[Python-Dev] Compiler warnings
tim.peters at gmail.com
Wed Feb 1 03:19:41 CET 2006
>> Well, that's pretty bizarre. There's _obviously_ no way to get to a
>> reference to `e` without going through
>> x = _PyLong_AsScaledDouble(vv, &e);
>> first. That isn't a useful warning.
> But how can the compiler know that it is an output-only argument?
In the absence of interprocedural analysis, it cannot -- and neither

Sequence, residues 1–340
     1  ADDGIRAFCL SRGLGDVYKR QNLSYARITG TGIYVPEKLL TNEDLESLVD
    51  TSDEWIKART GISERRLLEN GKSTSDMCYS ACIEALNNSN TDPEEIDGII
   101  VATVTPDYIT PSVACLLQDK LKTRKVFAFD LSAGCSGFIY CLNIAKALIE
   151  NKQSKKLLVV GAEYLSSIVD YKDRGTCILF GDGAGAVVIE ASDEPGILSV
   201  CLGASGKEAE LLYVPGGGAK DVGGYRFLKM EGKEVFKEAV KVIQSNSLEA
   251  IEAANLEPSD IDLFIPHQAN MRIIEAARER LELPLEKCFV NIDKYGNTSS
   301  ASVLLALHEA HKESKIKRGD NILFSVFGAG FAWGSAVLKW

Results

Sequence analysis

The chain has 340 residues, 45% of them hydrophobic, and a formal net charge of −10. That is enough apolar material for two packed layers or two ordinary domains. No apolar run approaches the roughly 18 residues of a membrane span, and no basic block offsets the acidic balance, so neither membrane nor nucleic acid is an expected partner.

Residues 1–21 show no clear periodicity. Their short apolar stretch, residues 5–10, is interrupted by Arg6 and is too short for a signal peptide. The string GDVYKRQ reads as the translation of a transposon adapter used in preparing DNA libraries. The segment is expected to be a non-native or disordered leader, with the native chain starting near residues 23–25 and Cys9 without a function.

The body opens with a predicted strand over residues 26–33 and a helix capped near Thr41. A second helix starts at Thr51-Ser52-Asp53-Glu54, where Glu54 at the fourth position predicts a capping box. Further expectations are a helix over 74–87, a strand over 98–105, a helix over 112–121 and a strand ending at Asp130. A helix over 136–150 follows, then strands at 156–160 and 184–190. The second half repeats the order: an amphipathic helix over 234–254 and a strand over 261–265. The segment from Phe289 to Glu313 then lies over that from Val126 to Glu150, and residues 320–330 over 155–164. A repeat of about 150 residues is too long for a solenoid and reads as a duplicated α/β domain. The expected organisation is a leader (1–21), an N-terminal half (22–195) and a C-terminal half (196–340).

can it know that it's not an output argument. It can't know anything
non-trivial, and because it can't, a reasonable compiler would avoid
raising a red flag at "warning" level. "info", maybe, if it has such
a concept. It's as silly to me as seeing, e.g.,
return 1.0 / z;
"warning: possible division by 0 or signaling NaN"
Perhaps, but not useful because there's no reason to presume it's a
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